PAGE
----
Vellattam is more a ritual oriented than Kaliyattam, which is on the other hand a spectacle. Agni Kanda Karnan literally owns the nook and corners of the temple ground when performing the Vellattam. As he has minimal properties and ornaments his moves are swift and steady. Normally his choreography is limited but at times, without any announcements he can unleash the flash jumps and sprints.
Drums set the mood of the performance. But it doesn’t stop Agni Kanda Karnan from breaking the rhythm to do something out of the text book. For example, we see him doing a simple routine like waving his hands to devotees and the next minute he sprints into the corridor to scare away the children and women sitting there. Vellattam comes to a close after Agni Kanda Karnan visits the Eramath Family home, a traditional family who holds special ties with the local legend.
Agni Kanda Karnan’s Kaliyattam is staged along with the eight other deities of Swamy Madom. But, the moment Agni Kanda Karnan steps into the arena, spotlight is naturally falls upon him and the rest of the acts are ignored. The performer in his charming ornaments and scary attire looks like a monster. He wears a red mask, which has details in silver. With two bulging eyes, a pair of extra ears covering the entire cheek area and long chin reaching to his chest, Agni Kanda Karnan’s face resembles that of a dragon fly.
He slowly floats in the arena with sixteen red-hot pal leaf torches, al blazing, attached to his waist. He climbs to a platform raised in the centre of the arena, blesses people by raising hands. As the Drums beat harder and aloud, he dances to the wild tunes of divinity. His assistants are anxious about the ordinary man inside the costume. They take extreme care to check on anything dangerous. They carry water, controls the torches without spoiling the performance.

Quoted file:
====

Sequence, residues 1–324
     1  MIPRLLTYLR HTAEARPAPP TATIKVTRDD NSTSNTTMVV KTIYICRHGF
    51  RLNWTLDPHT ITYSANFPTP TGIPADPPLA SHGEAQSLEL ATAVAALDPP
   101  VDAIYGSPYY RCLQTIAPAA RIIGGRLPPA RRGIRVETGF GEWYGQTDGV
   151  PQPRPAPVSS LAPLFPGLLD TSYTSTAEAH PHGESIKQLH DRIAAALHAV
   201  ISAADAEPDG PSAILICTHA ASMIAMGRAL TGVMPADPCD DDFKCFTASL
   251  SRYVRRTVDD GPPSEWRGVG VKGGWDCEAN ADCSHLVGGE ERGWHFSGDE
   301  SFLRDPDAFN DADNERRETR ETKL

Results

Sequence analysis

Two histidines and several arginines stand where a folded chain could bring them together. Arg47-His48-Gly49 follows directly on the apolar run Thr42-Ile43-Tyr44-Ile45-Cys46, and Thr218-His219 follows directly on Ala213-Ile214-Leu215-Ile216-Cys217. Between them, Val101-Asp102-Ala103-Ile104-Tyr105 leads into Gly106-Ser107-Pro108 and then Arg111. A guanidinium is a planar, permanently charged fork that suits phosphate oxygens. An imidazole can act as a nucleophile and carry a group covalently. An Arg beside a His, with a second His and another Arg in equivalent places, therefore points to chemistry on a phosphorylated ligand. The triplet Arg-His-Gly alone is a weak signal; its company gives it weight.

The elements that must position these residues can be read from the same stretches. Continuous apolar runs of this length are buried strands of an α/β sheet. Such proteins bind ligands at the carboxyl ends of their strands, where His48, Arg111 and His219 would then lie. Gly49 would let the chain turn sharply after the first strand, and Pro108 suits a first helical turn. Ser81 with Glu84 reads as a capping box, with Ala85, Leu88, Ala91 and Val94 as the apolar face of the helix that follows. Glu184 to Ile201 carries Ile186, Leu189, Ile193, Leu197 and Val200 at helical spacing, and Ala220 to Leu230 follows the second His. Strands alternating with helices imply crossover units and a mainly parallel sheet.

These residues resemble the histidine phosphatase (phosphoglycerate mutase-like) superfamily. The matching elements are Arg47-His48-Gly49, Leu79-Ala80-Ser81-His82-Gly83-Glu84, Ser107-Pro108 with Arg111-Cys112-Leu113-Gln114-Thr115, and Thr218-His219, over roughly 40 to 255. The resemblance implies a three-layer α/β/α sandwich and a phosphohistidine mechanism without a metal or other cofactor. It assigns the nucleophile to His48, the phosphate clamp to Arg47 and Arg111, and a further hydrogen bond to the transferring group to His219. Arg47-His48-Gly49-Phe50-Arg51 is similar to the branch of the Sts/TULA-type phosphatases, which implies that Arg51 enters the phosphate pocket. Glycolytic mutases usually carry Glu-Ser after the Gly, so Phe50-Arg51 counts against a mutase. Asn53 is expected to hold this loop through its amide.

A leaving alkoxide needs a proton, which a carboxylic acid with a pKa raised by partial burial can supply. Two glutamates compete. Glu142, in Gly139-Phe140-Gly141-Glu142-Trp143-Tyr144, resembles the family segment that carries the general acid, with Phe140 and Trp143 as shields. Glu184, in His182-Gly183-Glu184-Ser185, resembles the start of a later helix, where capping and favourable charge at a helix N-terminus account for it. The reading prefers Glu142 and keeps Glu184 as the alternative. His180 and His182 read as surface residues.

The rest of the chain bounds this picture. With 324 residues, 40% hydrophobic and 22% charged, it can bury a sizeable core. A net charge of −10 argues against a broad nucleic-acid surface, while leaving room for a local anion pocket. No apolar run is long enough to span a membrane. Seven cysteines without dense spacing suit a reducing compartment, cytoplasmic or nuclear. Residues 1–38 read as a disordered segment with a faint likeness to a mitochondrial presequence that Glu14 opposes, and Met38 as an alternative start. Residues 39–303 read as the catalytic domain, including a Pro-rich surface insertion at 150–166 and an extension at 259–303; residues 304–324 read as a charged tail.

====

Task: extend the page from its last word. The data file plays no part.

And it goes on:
As the performance reaches the climax, it’s the fire dominates the rituals. Assistants invite Agni Kanda Karnan to a stage resembling a fire place. He carefully climbs to a raised platform. Then the assistants set him ablaze. He takes a spin to splash the fire and douse it. Later he climbs down from the platform, crosses the fire and stands in the arena. Then with the charm of a dancer he shakes his body to eject the torches one by one. As the last torch is withdrawn from his body, he takes a tumble, lies close to the earth and the performance is declared over.
Theyyam performance is highly caste restricted. Not every community can perform every Theyyam. The right to perform Kanda Karnan is restricted to the Malayan community. In most temples the temple committees maintain a long term contract with a family of the community who can play the Theyyam there.
Kannur’s Ilambichy family inherits the right to perform Kanda Karnan and many other Theyyams in Kannu Veed. This year 24 year old (Name Unknown) donned the makeup of Kanda Karnan. He is one of the youngest in the family to perform this Theyyam, says, Krishnan Perumalayan, his father.
The performers are being groomed by their families from a very young age. Theyyams like Agni Kanda Karnan is dangerous as the performers have to play with the fire. There have been instances where Theyyam performers injured and even paralyzed during the performance. But for People like Krishnan Perumalayan, that’s just an occupational hazard. He believes this is no risk at all rather a duty.
“It’s a destiny for us. I’ve been doing performing for decades now. I never felt this as dangerous. If you do it with sincerity and devotion there’s nothing to be afraid of. I teach this my children and they too, do it with sincerity”, he adds.
You can read the Malayalam Version of this article in this link.
ഈ ലേഖനം മലയാളത്തിൽ വായിക്കാൻ ഇവിടെ ക്ലിക് ചെയ്യുക.